Apologetic Approach Essay.docx

Apologetic Approach Essay.docx - 1 Noah Brown P311...

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Noah Brown P311 Introduction To Philosophy March 12, 2017 Dr. Brian Morley Apologetics Essay The most famous and perhaps most influential version of a moral argument for belief in God is found in Immanuel Kant (1788). Kant himself insisted that his argument was not a theoretical argument, but an argument grounded in practical reason. The conclusion of the argument is not “God exists” or “God probably exists” but “I (as a rational, moral agent) ought to believe that God exists.” We shall, however, see that there are some reasons to doubt that practical arguments can be neatly separated from theoretical arguments. Kant's version of the argument can be stated in different ways, but perhaps the following captures one plausible interpretation of the argument. Morality is grounded in pure practical reason, and the moral agent must act on the basis of maxims that can be rationally endorsed as universal principles. Moral actions are thus not determined by results or consequences but by the maxims on which they are based. However, all actions, including moral actions, necessarily aim at ends. Kant argues that the end that moral actions aim at is the “highest good,” which is a world in which both moral virtue and happiness are maximized, with happiness contingent on virtue. For Kant “ought implies can,” and so if I have an obligation to seek the highest good, then I must believe that it is possible to achieve such an end. However, I must seek the highest good only by acting in accordance with morality; no shortcuts to happiness are permissible. This seems to require that I believe that acting in accordance with morality will be causally efficacious in achieving the highest good. However, it is reasonable to believe that moral actions will be 1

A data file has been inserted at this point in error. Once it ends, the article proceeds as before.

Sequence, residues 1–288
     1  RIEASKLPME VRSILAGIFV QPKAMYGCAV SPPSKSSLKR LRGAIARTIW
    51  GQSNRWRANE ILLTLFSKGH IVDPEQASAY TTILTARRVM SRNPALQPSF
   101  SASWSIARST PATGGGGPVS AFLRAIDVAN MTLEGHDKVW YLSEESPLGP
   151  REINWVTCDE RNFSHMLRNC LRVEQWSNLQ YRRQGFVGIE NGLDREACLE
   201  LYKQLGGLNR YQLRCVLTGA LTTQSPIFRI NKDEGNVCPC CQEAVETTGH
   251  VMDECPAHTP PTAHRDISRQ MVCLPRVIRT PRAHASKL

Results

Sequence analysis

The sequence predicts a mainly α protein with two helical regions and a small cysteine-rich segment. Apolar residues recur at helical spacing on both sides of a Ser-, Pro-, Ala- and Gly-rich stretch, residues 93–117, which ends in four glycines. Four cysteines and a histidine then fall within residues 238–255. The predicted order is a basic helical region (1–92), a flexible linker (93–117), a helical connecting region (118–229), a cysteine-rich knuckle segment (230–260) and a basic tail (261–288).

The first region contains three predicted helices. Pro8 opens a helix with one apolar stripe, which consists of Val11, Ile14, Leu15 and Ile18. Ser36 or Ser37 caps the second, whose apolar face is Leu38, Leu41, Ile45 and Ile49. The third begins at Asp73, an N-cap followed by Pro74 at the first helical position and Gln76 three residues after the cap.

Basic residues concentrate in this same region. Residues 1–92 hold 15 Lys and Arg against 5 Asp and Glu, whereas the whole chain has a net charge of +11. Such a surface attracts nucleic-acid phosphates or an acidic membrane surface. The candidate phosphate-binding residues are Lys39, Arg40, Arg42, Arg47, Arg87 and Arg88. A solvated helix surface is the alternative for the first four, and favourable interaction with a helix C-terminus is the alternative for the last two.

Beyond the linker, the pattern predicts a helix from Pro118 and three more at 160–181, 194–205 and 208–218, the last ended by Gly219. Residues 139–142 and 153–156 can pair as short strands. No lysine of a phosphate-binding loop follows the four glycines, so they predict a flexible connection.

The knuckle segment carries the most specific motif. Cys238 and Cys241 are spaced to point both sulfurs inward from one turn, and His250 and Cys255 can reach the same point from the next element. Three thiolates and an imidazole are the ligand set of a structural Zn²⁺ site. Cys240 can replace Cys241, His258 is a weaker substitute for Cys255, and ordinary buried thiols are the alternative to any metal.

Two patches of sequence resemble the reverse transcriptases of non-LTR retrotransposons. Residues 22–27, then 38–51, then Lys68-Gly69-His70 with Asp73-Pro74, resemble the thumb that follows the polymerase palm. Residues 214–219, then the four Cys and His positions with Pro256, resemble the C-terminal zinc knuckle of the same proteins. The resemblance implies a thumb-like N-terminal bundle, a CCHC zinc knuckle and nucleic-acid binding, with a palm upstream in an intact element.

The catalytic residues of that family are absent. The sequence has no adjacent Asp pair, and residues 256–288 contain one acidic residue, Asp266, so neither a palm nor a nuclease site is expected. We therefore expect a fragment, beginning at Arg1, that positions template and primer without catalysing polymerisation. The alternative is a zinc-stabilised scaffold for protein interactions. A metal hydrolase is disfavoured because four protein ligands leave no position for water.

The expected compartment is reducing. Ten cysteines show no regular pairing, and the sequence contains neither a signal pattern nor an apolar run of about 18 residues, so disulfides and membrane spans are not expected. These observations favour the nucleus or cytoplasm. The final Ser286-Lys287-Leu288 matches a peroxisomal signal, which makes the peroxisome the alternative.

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causally efficacious in this way only if the laws of causality are set up in such a way that these laws are conducive to the efficacy of moral action. Certainly both parts of the highest good seem difficult to achieve. We humans have weaknesses in our character that appear difficult if not impossible to overcome by our own efforts. Furthermore, as creatures we have subjective needs that must be satisfied if we are happy, but we have little empirical reason to think that these needs will be satisfied by moral actions even if we succeeded in becoming virtuous. If a person believes that the natural world is simply a non-moral machine with no moral purposiveness then that person would have no reason to believe that moral action could succeed because there is no a priori reason to think moral action will achieve the highest good and little empirical reason to believe this either. Kant thus concludes that a moral agent must “postulate” the existence of God as a rational presupposition of the moral life.
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